I have a problem.  I am nearly incapable of resisting DVDs for sale under $5.  I should have learned my lesson after The Fan and Highlander, but I didn’t.  Every now and then I will find a great movie for that cheap, but most of the time the value of the film is closely related to the price charged.  This weekend we got a few used dvds for $1.99 each.  I know we got a winner in The Dark Knight, but I also knew that with the League of Extraordinary Gentlemen, I was getting only action and kitsch – and I was okay with that.

I don’t feel like recounting the plot of this film, which you can read here if you so desire.  I will summarize it by saying, there are a lot of action scenes involving Victorian Era fictional characters.  I think it was a great story idea, but the writing and execution of the film did not rise to the challenge.  I still enjoy the film, because I like people shooting things, stuff blowing up, Sean Connery, and the idea of bringing familiar literary characters into the mix.  I have never read Dracula, The Invisible Man, or King Solomon’s Mines, so I’m not sure where the film took liberty with Mina Harker, the invisible man, or Allan Quatermain.  It has been years since I’ve read 20,000 Leagues Under the Sea, so I don’t really know if I like the depiction of Captain Nemo either.

I have, however, read The Strange Case of Dr. Jekyll and Mr. Hyde and The Picture of Dorian Gray.  Upon a fresh viewing of this film, I was greatly disappointed by the way both Jekyll/Hyde and Dorian Gray were portrayed.  These novels/novellas deal with the human condition.  Both works explore the human struggle with depravity.  Dorian Gray exhibits the danger of hubris and hedonism.  In the film, he is unable to look at his portrait or it will kill him.  In the book, he can look at the portrait, but he does not desire to.  He does not want to see how wretched he has become.  The film used his portrait as a kitschy immunity charm, but it was something far darker.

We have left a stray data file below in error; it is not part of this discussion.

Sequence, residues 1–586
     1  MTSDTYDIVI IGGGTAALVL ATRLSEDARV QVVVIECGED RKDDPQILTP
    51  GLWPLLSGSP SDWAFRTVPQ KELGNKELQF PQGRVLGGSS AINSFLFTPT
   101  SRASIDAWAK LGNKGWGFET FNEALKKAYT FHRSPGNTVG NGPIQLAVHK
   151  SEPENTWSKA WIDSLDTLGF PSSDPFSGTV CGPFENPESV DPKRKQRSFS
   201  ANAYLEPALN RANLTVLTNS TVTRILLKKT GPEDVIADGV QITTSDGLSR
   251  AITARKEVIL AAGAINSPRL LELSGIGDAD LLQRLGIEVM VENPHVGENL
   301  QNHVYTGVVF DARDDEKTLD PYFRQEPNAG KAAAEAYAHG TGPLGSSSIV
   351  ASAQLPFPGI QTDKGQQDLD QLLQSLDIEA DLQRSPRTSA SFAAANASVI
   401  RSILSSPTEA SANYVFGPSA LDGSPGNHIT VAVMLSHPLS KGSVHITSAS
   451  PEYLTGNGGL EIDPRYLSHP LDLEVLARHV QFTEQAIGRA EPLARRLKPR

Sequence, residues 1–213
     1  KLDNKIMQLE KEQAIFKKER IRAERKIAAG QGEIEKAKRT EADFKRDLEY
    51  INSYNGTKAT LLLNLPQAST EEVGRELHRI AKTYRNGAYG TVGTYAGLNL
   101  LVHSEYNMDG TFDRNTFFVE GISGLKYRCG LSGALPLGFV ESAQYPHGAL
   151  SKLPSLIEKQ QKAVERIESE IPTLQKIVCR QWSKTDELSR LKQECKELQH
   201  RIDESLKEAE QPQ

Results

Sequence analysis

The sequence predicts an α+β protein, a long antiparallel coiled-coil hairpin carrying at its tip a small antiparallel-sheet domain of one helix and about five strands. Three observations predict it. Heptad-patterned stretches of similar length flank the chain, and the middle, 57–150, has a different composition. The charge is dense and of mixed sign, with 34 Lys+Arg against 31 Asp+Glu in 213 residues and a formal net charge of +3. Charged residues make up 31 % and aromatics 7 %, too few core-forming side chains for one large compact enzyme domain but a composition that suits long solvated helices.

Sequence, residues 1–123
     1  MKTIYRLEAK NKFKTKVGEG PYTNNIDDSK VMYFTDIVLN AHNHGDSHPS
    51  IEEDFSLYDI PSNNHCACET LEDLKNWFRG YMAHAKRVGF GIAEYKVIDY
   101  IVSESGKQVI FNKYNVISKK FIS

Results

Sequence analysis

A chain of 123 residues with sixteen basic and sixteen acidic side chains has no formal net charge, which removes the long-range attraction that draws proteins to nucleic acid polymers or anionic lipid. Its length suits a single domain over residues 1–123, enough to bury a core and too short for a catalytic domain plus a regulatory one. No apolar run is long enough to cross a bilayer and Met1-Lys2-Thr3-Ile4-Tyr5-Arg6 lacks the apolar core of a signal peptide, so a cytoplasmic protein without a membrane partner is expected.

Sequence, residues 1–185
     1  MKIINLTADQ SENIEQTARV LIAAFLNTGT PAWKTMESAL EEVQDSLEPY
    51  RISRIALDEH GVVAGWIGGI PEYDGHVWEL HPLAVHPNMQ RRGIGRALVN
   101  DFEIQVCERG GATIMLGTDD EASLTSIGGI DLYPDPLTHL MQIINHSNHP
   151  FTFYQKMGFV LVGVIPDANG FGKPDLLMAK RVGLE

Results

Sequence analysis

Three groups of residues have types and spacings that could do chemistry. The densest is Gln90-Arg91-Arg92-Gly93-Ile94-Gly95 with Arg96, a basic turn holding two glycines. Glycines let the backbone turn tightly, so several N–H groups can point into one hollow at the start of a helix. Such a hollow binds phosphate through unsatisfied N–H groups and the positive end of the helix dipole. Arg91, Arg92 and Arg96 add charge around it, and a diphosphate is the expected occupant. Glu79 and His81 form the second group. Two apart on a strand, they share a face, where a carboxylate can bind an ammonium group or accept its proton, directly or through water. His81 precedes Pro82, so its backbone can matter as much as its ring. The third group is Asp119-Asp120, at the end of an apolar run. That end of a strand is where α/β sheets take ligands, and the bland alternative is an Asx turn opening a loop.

I was frustrated with the depiction of Jekyll/Hyde.  It showed a little bit of the struggle between good and evil in the film, but in the end Hyde is shown to be sort of noble and capable of good.  This does not square with the book.  I think ole Robert Louis Stevenson would not be too pleased with this literary license.

I think both of these books hit at something we all know – humanity is dark.  Anyone who is honest enough to examine his life will see wrong motives and actions.  I believe these books were so successful, because they give literary analogies to a truth we all know.  Both of these books led to one singular conclusion: The wages of sin is death.  So, although this film was called the League of Extraordinary Gentlemen, Gray and Hyde represent something quite ordinary.

Until later friends…